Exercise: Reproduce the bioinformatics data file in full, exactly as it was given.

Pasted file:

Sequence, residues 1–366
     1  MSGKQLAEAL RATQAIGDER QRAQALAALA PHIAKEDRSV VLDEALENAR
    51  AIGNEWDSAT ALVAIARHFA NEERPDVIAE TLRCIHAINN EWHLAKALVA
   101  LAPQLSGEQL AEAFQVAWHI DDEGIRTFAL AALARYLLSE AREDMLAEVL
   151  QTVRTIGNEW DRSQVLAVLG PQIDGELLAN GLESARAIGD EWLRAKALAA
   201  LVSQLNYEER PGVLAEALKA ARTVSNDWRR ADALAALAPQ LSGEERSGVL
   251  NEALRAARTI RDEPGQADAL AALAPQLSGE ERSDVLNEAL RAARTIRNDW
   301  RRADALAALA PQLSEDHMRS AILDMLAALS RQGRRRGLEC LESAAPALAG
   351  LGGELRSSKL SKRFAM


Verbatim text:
Sequence, residues 1–366
     1  MSGKQLAEAL RATQAIGDER QRAQALAALA PHIAKEDRSV VLDEALENAR
    51  AIGNEWDSAT ALVAIARHFA NEERPDVIAE TLRCIHAINN EWHLAKALVA
   101  LAPQLSGEQL AEAFQVAWHI DDEGIRTFAL AALARYLLSE AREDMLAEVL
   151  QTVRTIGNEW DRSQVLAVLG PQIDGELLAN GLESARAIGD EWLRAKALAA
   201  LVSQLNYEER PGVLAEALKA ARTVSNDWRR ADALAALAPQ LSGEERSGVL
   251  NEALRAARTI RDEPGQADAL AALAPQLSGE ERSDVLNEAL RAARTIRNDW
   301  RRADALAALA PQLSEDHMRS AILDMLAALS RQGRRRGLEC LESAAPALAG
   351  LGGELRSSKL SKRFAM